Each student takes turn to play the teaching assistant’s role, speaking the material out loud in front of the class, pointing at its visual representation and waiting for other students to repeat.
Dolma and Gachat sitting cross-legged on the carpeted floor in the nunnery classroom during weekly oral presentations. Once a week, usually on Saturday, all the girls gather together to present what they have learnt in the past week, in front of their schoolmates and the teachers. They are free to choose any subject, language or topic, as well as the duration of their presentation. They just need to recall something they remember, and tell it to their peers. Many young nuns are shy, especially in front of monks, so to practice presentation skills and public speaking in front of larger groups is an important educational task.
At the end of the presentations there is a performing reward: the singing and dancing of local Zanskari songs. It is a happy moment of releasing the body from the sitting constraints, which allows a freedom of expression through movement and group singing.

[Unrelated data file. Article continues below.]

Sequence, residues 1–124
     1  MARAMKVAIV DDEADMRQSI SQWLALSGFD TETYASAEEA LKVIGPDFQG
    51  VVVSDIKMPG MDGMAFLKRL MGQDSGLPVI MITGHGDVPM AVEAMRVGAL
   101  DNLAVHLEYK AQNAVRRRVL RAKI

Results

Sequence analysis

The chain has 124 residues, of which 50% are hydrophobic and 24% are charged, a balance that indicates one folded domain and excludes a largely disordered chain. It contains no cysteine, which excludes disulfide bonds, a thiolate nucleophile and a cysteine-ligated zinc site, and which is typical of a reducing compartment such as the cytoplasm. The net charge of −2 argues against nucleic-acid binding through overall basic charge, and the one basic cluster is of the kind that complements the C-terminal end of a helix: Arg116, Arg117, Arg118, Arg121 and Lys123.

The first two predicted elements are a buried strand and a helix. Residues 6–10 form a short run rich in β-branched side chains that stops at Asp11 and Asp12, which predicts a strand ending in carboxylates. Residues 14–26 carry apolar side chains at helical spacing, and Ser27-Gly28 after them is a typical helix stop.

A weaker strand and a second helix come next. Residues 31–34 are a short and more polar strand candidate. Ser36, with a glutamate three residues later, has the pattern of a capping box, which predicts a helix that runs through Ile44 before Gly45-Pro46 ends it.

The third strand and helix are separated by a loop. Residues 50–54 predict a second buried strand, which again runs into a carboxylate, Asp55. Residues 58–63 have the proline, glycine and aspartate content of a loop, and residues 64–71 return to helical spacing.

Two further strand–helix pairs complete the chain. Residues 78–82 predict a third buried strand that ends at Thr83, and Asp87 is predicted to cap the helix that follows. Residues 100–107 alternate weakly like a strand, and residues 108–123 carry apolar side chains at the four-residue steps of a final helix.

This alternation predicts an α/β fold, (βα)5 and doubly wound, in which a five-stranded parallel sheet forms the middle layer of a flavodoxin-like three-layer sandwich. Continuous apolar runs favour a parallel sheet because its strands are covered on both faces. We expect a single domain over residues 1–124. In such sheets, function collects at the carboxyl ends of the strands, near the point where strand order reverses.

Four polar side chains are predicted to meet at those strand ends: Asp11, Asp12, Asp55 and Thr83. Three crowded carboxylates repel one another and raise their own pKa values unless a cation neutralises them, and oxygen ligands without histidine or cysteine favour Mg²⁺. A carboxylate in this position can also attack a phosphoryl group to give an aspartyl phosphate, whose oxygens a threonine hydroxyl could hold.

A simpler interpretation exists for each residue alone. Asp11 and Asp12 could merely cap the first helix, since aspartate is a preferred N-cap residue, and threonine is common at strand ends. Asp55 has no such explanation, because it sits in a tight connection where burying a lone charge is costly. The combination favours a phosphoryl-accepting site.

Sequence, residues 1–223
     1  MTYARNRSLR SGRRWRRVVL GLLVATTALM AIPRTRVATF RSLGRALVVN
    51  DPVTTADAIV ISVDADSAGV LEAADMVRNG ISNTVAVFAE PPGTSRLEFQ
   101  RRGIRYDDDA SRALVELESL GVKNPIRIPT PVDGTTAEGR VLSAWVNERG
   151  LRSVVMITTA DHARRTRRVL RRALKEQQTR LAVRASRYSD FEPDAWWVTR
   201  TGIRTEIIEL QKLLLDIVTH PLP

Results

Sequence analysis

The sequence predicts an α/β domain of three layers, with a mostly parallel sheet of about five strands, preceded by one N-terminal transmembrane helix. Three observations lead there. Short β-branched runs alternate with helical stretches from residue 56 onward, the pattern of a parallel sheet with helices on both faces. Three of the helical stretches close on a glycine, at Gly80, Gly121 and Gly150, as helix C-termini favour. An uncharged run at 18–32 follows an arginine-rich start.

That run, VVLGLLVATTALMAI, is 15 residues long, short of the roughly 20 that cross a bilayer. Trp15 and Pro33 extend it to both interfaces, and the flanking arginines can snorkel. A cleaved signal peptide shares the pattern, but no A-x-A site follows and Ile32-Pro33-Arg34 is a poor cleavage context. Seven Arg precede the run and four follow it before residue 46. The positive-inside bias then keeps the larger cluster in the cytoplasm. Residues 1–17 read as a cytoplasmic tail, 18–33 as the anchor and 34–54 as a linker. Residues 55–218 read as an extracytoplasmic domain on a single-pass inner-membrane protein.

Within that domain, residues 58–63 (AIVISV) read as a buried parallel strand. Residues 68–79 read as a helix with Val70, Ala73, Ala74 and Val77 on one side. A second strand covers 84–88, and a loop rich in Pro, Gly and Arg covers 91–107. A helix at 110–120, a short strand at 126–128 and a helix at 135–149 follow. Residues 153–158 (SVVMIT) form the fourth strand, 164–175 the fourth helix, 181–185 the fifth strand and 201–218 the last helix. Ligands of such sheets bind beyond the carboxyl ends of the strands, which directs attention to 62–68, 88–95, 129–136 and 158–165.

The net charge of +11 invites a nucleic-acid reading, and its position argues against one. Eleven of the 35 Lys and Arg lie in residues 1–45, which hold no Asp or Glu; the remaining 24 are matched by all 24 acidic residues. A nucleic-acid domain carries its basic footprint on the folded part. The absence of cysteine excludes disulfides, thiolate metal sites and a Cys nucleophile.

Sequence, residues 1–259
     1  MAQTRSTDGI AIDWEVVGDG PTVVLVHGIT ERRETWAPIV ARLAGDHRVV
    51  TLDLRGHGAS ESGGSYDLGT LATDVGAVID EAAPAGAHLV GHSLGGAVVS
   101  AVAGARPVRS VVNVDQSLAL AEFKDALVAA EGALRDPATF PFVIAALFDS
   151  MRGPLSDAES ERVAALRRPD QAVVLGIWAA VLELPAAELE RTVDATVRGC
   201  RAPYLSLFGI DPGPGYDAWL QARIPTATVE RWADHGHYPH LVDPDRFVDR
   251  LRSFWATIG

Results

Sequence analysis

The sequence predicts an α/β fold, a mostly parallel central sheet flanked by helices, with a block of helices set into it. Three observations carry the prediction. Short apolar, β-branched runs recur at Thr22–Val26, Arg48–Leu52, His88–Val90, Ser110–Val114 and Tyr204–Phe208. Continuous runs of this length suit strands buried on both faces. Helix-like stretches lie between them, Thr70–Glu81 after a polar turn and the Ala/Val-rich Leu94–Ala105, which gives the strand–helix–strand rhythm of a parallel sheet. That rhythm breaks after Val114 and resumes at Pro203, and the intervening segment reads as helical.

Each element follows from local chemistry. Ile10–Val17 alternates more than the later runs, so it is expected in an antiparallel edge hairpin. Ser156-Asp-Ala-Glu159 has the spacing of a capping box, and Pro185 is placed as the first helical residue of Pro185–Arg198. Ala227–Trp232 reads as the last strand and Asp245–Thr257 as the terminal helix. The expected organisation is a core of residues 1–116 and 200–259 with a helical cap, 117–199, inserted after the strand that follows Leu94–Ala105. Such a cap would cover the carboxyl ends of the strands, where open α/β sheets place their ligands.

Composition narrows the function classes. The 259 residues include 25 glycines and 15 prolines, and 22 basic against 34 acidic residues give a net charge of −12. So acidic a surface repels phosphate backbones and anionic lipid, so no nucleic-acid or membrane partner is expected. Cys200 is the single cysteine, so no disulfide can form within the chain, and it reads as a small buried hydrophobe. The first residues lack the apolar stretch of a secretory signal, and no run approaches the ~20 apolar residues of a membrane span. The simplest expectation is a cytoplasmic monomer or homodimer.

Students clean their classroom carpets after the long winter school-break. In the harsh Zanskari winter months, with temperatures occasionally dropping down to -30 degrees Celsius, students from the nunnery enjoy a long holiday and spend winter with their families in the surrounding villages. There is no heating available at the school, making teaching and learning in the coldest months of the year impossible.
Gatchat vigorously beats the classroom carpet to remove the dust that gathered over the winter break. Spring has come and the new season for learning begins. Students participate in the upkeep of the school, treating it as fun, rather than a chore.
Time for a head shave. Girls are getting their ‘nun's haircut’ outdoors in the springtime sun. Some enjoy it, while for others it is a difficult moment of saying goodbye to longer hair.
by Marta Normington
In the remote Himalayan region of Zanskar, access to quality education still remains a challenging task. High mountain valleys lying further away from the main road arteries have to rely on local, often understaffed and modestly equipped schools. The regular educational migration of older children is common. Children and youths from distant mountain villages head towards larger educational centers in other regions, which are often geographically and culturally different from one’s own home.